A bill completely banning abortions was narrowly rejected by the Polish parliament. Lawmakers voted 191-186 to reject the bill with 5 abstentions. The bill came forward to Parliament as a result of a citizen petition that collected 600,000 signatures in two weeks. It overwhelmingly passed its first vote (254-141) in July and was then delegated to a committee for further work, which rejected it on Aug. 19 by a vote of 45-22.
Currently, women in Poland can only have an abortion if the child has a serious physical or mental defect, if having the child threatens the health or life of the mother, or if the mother suspects she is pregnant because of rape. If the pro-life bill had passed it would have scrapped most of the exceptions to abortion.
On Aug. 31, the leading party of the governing coalition, Civic Platform (PO), introduced party discipline in voting to defeat the measure. Nevertheless, 15 of its members still voted against getting rid of the bill – while 160 voted in favour. Nobody from the Polish People’s Party (PSL) or Law and Justice (PiS), the main opposition party, were in favour of rejecting the measure. All 136 PiS MPs present voted against scrapping the bill. Every MP present from the pro-abortion Democratic Left Alliance voted in favour of rejecting it.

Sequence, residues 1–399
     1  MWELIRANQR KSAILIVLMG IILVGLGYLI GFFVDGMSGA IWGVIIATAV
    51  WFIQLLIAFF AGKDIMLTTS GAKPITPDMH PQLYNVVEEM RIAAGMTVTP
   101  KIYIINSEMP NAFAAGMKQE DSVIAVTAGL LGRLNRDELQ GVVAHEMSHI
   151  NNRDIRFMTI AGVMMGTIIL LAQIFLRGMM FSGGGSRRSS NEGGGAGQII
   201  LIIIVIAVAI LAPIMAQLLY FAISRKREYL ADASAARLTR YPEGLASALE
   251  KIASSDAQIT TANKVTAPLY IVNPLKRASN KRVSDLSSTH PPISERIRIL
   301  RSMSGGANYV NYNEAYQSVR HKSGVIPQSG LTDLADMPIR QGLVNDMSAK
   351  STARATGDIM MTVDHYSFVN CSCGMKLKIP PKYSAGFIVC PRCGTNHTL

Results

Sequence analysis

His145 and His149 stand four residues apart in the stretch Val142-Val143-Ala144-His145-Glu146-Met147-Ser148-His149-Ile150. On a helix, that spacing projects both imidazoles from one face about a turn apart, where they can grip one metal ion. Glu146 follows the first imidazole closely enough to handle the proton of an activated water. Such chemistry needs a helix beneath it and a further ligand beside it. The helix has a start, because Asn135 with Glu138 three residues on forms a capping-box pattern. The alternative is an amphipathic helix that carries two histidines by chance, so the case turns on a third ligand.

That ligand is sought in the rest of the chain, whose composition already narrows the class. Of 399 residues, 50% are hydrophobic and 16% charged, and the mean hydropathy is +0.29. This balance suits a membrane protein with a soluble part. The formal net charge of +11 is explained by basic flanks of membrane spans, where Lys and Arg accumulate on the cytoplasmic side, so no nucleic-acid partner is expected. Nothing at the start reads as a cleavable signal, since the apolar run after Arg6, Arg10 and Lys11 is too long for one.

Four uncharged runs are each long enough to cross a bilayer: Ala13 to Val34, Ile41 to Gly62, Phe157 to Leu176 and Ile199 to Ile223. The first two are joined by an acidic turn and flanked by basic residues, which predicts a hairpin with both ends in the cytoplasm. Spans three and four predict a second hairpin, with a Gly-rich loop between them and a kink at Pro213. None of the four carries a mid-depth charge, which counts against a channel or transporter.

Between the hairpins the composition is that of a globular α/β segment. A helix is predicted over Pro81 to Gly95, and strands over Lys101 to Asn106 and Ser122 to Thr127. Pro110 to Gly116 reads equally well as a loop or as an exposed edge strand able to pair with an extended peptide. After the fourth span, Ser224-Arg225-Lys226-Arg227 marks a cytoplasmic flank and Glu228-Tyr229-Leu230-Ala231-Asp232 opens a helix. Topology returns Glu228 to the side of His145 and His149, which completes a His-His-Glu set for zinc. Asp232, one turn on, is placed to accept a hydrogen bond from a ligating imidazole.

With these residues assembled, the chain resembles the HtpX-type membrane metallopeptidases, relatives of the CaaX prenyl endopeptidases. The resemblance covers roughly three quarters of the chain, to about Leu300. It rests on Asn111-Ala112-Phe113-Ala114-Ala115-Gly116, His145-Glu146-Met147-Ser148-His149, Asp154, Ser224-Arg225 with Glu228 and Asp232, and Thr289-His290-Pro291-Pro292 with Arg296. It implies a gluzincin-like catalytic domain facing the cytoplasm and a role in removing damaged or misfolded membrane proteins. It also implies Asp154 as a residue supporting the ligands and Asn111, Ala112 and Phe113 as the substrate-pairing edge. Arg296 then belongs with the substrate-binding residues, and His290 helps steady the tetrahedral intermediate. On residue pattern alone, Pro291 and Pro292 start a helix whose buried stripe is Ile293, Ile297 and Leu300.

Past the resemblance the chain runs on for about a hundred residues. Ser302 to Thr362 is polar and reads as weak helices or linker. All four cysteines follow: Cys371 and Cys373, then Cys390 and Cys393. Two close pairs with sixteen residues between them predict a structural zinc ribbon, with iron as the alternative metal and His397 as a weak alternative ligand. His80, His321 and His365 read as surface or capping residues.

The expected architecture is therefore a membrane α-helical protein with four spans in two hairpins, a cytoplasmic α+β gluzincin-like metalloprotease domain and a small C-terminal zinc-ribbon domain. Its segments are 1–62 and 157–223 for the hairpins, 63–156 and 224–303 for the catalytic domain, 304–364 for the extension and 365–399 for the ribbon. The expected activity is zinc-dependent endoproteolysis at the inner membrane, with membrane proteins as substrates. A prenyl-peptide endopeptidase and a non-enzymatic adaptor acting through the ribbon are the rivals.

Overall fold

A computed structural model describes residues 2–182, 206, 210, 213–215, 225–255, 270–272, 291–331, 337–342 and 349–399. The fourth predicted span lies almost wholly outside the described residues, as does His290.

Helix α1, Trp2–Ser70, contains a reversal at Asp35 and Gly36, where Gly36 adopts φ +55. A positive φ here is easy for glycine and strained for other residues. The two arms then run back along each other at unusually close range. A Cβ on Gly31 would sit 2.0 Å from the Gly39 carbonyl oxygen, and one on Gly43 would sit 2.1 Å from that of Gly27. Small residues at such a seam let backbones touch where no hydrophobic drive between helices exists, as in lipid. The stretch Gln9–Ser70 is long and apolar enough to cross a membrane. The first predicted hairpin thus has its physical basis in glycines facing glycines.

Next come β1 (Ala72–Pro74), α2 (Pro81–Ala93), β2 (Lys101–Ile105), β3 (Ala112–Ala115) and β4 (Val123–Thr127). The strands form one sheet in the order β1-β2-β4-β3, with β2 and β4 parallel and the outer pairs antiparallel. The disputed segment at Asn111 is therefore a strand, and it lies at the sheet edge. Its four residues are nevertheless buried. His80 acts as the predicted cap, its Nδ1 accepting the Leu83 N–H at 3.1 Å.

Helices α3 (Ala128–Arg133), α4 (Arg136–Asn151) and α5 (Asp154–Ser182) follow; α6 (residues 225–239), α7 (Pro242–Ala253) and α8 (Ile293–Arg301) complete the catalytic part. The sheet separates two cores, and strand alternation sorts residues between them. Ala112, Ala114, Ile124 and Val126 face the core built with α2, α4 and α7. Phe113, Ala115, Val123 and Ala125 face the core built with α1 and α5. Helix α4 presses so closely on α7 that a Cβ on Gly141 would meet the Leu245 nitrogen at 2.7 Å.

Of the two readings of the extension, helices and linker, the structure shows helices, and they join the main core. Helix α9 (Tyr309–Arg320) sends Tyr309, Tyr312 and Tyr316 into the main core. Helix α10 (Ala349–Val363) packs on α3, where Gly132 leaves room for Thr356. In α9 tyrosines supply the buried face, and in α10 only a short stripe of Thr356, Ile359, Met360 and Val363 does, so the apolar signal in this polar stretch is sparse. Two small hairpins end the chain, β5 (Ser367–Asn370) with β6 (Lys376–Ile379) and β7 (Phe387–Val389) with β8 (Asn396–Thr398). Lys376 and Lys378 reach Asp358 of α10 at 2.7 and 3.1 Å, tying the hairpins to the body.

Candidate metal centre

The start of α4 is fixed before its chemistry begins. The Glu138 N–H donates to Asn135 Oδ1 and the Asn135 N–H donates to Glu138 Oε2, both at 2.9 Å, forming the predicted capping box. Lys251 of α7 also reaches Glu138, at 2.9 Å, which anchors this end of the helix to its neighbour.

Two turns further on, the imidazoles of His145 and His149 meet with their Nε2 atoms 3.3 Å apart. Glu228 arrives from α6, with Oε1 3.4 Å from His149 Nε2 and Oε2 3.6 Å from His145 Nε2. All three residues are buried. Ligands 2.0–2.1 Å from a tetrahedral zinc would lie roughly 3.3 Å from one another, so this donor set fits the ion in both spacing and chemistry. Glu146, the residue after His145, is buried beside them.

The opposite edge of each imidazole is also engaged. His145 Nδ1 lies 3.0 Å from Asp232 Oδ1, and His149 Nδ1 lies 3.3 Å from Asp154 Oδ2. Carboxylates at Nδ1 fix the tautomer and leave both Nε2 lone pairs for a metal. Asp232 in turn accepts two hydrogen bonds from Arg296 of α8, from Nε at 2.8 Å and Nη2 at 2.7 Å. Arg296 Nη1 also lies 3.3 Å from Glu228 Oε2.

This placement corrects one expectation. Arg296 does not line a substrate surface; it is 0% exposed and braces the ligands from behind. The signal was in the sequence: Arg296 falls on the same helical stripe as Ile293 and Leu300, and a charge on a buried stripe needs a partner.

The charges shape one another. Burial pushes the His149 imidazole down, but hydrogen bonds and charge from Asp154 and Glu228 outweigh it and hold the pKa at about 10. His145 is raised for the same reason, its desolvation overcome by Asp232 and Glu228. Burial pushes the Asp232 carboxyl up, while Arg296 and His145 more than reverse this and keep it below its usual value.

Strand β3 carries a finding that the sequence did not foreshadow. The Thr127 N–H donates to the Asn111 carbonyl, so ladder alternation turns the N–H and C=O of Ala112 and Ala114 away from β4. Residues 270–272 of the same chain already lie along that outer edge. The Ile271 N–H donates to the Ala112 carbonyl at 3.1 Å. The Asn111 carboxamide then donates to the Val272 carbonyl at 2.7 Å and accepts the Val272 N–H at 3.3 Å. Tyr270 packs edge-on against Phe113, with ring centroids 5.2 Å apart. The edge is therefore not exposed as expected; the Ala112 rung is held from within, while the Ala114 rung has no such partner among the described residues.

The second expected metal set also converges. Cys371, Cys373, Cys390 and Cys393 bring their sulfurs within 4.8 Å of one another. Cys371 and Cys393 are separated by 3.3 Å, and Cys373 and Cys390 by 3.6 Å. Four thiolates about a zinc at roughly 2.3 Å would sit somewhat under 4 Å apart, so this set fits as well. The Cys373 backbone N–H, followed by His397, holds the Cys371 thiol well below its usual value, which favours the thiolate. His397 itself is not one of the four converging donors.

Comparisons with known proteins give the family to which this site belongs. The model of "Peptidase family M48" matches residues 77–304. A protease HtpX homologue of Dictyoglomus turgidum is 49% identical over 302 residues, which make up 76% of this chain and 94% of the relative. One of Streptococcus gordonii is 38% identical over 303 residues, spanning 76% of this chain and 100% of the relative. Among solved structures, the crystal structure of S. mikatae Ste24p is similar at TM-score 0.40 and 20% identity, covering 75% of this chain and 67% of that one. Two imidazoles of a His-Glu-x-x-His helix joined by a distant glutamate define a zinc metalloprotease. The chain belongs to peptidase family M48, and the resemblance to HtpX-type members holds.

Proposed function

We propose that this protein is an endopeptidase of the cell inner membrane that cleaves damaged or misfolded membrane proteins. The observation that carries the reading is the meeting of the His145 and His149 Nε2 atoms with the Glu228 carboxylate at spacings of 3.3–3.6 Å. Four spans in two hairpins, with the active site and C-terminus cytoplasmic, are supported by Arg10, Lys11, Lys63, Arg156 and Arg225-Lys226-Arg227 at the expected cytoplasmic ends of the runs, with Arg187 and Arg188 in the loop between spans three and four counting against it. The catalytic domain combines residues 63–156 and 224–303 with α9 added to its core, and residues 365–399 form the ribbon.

“The Platform feels that the current abortion compromise is the best. We are not in favour of liberalizing it, and on the other hand, we will absolutely not tolerate the thought that there can be an absolute abortion ban in Poland,” said Jarosław Katulski from the governing PO after voting.
During debate, Bolesław Piecha from PiS said, “What is there to discuss? When life begins, it is already determined. It begins at the moment of conception.”
“It is worth remembering, though, that not long ago, this compromise was the “great achievement” of pro-life movements,” writes Jacek Sapa, a member of the committee for the “Stop Abortion” bill initiative, in Nasz Dziennik. “It turned out that for 191 of our representatives, the values that make up civil society are not important anymore and the voice of 600,000 Poles may be ignored. We can, however, change this…elections to parliament are coming up; on Oct. 9, we ourselves will decide for whom we will vote.”
There will be political fallout from the vote, as the Polish pro-life PRO Foundation will issue certificates for pro-life and pro-family candidates to inform voters during the upcoming election.
Also, the SLD presented its own broad pro-abortion bill, which was rejected at first reading by a margin of 369-31 (with two abstentions). The bill would have allowed for full access to abortion in the first 12 weeks of pregnancy, government funding of abortion as well as contraceptives and in vitro fertilization, and sex education.